In Somalia the situation caused by drought remains critical with at least 8 million people  still in need of lifesaving assistance, and facing water insecurity. According to the Office for the Coordination of Humanitarian Affairs (OCHA), the trend is set to worsen throughout 2023.
In internally displaced persons (IDPs) camps across Somalia — in areas like Baidoa (Bay region), Afgooye (Shebelle region) and Dhobley (Lower Juba region) — most new arrivals report issues accessing water. They do not have sufficient water to meet their basic needs due to the cost of water, distance to waterpoints, and widespread supply shortages. As a result, families are often left with no other option but to send their children kilometers away in search of water.
With the support of USAID, in 2023, Acted supported 15,000 vulnerable IDPs in accessing clean and drinkable water.
Despite efforts to scale-up assistance, the water shortage remains a persistent issue throughout Somalia, worsening over time as droughts become more frequent. Rains earlier in the year underperformed, leaving most water sources unquenched. Additionally, significant portions of WASH infrastructure across the country are dysfunctional or providing unclean and insufficient water.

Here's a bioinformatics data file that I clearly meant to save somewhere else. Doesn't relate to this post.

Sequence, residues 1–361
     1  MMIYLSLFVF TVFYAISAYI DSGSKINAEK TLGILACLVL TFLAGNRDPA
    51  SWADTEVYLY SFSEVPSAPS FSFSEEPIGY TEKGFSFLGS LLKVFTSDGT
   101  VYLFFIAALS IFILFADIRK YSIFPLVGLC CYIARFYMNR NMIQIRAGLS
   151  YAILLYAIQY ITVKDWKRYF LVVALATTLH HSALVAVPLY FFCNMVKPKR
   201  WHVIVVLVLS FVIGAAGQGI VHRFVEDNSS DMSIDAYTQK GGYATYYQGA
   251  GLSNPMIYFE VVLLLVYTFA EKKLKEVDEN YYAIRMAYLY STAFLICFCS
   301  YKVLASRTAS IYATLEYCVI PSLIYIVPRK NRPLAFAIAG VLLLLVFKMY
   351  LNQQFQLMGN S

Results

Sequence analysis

Many families from the most affected areas have opted to migrate to other areas in the hope of accessing more reliable water sources. However, with these movements, conflicts among communities are becoming more frequent, leading to increases in social tensions.
The high water prices in most regions have pushed families to send children kilometers away to water points that are believed to have plenty of water, preventing these children from accessing their right to education. The distance travelled to access water also opens women and children up to additional vulnerabilities due to high risk of sexual and physical abuse.
In addition, the need for water is putting significant pressure on current water points, which may soon be depleted due to the high number of people relying on such sources for survival.
Water is the lifeline of a community
With USAID’s support, Acted has been able to provide water to drought-affected communities across Somalia. Efforts including the distribution of water through trucking, as well as the rehabilitation of strategic water sources like boreholes and shallow wells, have reached more than 15,000 people across 13 IDP sites in Somalia, distributing a total of about 6.5 million litres of water. Through these efforts, target communities now have access to clean and drinkable water to meet their basic needs such as drinking and cooking.
More than 8 million people are still facing acute water shortages due to frequent droughts and lack of water, leading to poor hygiene conditions in affected areas. With such conditions, it is estimated that more than 3 million children  are at a greater risk of contracting infectious diseases such as cholera. Given these risks, more funding is needed to support vulnerable IDPs in accessing clean water and prevent the continued loss of life due to lack of water.